UKchainedEU mesnip18716 Military, geopolitical, security, global power and political sabotage in full swing as Leavers grasp full extent of perfidy involved

New revelations remind us that Brexit is far from real


You may have spotted this piece at the weekend Telegraph. It’s fairly standard issue Mayflower spin: Mother Theresa is a good egg really, it’s just those nasty Sir Humphreys and that Philip Hammond bloke getting in her way. But May had a good think about things at Chequers last week, and now she’s jolly well going to tear some ears off at Wednesday’s Cabinet meeting. The key spin phrase this time is “you’ve been given your marching orders, now get on with it”.

As Mayormaynot is effectively the Executive Editor of the Torygraph these days, we can dismiss this simplistic piece. Holidays are ending, the recess is nearly over, and across the spectrum of politics, lobbying and Whitehall, most tribes among the Leavers are beginning to realise that the pro-Brussels fanatics have no intention of letting a little thing like a majority of the electorate get in the way of their plans to remain on the SS Eutanic.

There is far more to this than the fantasy of an all-powerful Empress in Downing Street barking out orders that must be obeyed.


What we’re looking at here is a cynical “realist” in Number Ten keen to come out of “the Brexit process” with as little merde sticking to her as possible. She can have her people leak that Hammond is out of line, but she appointed him to be 2inC knowing full well his level of attachment to the European Union. And she can promote her “tough old bird” drivel in relation to senior Civil Servants, but she knows that not all of them work for the UK….or for that matter, Europe.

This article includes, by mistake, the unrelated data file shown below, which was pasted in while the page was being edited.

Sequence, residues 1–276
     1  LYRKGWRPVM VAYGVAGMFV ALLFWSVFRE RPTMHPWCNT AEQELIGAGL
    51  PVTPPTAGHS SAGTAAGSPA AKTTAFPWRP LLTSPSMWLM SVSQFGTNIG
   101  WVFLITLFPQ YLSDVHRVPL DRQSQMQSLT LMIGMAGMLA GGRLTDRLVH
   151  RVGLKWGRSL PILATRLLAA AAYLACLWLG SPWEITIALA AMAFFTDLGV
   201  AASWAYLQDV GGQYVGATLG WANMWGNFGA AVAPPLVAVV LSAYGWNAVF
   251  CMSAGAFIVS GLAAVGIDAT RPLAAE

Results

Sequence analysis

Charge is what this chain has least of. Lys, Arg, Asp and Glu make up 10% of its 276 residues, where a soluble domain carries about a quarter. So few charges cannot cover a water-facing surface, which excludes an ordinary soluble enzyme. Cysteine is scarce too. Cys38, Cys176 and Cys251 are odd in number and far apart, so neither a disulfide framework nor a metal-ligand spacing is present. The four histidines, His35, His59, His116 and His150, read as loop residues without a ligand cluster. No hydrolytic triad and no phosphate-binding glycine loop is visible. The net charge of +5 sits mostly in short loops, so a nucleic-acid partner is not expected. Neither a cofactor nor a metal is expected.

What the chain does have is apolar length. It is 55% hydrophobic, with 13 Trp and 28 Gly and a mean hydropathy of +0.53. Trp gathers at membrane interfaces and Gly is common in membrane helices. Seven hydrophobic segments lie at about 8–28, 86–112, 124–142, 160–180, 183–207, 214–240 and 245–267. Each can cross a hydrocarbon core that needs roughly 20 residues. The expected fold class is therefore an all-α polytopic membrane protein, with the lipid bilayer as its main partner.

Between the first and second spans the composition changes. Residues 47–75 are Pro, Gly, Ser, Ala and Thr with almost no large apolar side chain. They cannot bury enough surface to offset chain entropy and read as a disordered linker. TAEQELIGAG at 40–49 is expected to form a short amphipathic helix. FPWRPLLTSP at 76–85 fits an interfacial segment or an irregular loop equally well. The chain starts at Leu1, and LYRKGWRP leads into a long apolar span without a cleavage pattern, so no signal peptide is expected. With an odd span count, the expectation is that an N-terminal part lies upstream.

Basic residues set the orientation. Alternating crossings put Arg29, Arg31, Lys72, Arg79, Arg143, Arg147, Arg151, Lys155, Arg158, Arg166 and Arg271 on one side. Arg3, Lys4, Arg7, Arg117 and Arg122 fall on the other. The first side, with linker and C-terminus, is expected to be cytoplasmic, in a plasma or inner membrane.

These are the realities:

  1. The Americans in general and NATO in particular have no intention of letting their cornerstone European ally gaily float off into a more neutral role. Several top Sir Humphreys have foreign office and military responsibilities, and both these have been areas of expertise for Hammond. Sometimes, people are inclined to forget where their loyalties lie; that particular group remains close to Tony Blair and his unswerving support for the US, Israel – and the EU as a key globalist bloc.
  2. Political sources close to the Treasury insist that the state of Whitehall unreadiness after the vote went in favour of Brexit was no accident. I also know that quantitative research was undertaken by one key department of State during the Referendum, and this left pro-EU hardline Mandarins “in no doubt” that Leave was going to win. The view taken was, “the more chaos and the more daunting the exit task is, the better”.
  3. David Davies is frustrated by three problems he faces at the moment. The first is Hammond putting a bloc on any poaching of staff for the Brexit task-force (and on at least one occasion issuing a knuckle-rap on costs to the Minister for Brexit). The second is the complete lack of focus on anything being demonstrated by Foreign Secretary Boris Johnson. And the third is the entirely predictable turf-war going on between Johnson and the other overlapping Leave Minister, Liam Fox. Talk of the “air having been cleared” was dismissed by those close to the Davies circle at the weekend as “just more May spin….she put these three combustibles together, and she knew exactly what she was doing”.